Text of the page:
On one side visitors could explore different combinations of human-bike-environment by flipping through a tripartite booklet containing pictures of different riding environments, bicycles, and riders in specific clothing. The idea was to animate visitors to reflect how one can identify with cycling technology and practices, and how imaginations of future rides partake therein. Creating this leaflet, though, posed several challenges: How would images speak to a wide audience? How could I enable a broad scope of interpretation and imagination? And in how far would the artefact speak for itself?

Inspired by discussions with dear colleagues from the STS department, the booklet also included non-sportive, urban, and lifestyle depictions to widen its scope. To stimulate ordering work of visitors it was of great importance to provide dis-order within the booklet, without providing any ‘correct’ combinations. This entailed ordering pictures in dis-order, and making that intention explicit by formulating an accompanying sheet.

On the other side stood the bike to simulate a site of my research, so-called bike fitting: a process of establishing a comfortable yet efficient position with a specialist and tools like cameras, sensors, and displays, while pedaling. I intended to set up a stationary yet adjustable bike on which visitors could experience how bike changes can be felt and valued through the body to further fine-tune that setup, by experimenting with saddle height via a hydraulic seat-post (think hydraulic office chair), and the position of the handlebar via a tool operated by me. Additionally, a small (but visible) camera placed on the side streamed on a display in front of the rider, offering a new perspective on one’s position.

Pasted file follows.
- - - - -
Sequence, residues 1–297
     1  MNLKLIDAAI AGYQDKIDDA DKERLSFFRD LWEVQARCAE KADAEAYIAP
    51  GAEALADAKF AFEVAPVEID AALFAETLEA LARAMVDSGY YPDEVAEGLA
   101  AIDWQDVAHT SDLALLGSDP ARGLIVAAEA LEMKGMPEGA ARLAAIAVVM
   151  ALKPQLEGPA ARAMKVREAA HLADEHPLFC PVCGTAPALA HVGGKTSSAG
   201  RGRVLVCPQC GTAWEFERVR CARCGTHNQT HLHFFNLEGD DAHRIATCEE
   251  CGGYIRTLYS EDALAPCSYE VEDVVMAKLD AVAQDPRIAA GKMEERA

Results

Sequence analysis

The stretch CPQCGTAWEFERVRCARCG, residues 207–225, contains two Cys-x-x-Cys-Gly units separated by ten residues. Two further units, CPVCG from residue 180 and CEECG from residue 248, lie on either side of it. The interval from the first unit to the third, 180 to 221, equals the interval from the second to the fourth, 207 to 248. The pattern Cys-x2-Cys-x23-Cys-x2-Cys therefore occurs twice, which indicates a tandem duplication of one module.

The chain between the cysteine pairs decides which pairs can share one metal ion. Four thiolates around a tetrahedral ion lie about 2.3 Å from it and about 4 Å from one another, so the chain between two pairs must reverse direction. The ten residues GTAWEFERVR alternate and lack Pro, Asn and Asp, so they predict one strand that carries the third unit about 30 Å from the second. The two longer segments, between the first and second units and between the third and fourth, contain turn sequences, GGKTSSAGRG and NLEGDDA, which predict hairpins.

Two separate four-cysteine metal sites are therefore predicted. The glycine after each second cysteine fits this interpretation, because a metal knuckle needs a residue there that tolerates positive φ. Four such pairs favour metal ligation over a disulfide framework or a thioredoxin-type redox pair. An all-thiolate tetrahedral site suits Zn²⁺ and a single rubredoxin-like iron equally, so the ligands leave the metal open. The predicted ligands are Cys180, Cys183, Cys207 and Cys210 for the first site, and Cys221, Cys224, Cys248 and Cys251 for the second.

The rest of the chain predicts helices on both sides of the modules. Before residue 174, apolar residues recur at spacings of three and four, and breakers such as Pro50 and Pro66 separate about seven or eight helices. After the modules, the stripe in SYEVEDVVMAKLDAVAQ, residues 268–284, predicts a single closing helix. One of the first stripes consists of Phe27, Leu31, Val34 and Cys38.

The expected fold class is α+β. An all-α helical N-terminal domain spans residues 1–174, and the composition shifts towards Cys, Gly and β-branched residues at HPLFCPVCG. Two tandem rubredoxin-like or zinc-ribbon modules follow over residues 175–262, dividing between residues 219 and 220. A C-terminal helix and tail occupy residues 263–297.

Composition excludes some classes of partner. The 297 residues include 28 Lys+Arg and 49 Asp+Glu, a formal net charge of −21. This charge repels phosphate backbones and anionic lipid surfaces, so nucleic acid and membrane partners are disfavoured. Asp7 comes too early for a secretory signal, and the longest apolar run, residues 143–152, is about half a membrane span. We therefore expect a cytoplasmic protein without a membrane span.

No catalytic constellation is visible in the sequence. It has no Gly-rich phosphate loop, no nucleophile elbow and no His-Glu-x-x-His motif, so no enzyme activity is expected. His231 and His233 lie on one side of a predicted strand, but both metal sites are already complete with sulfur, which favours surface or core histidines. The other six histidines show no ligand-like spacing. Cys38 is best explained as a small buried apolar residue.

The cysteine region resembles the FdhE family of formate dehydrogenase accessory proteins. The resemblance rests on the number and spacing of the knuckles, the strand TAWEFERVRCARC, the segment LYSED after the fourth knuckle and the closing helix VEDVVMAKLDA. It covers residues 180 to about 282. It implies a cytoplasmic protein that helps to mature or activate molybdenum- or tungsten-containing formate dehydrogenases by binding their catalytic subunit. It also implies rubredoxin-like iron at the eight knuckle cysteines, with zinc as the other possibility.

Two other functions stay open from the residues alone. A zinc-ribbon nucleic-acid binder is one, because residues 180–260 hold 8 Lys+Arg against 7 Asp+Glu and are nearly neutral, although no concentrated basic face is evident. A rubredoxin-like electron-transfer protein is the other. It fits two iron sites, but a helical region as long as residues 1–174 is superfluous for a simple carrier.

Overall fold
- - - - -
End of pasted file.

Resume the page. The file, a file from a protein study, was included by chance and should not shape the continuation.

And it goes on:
Challenges in realizing this idea started with simple but essential issues that would include or exclude visitors: What size of bike would fit most people? How should the frame be shaped to leave room for adjustments? Would the whole elevated apparatus be too high for some or could people of different size, age, and gender swing a leg over it? Ironically, with my research being about effects of technological change, the compatibility of new and old technology posed a serious threat for the undertaking. Namely, would the rental bike with current axle standards be compatible with the clamping mechanism of the old rollers (in which the rear wheel spins) that I provided? If not, the setup would either not be stable enough to hold a bike plus rider, or not clamp at all.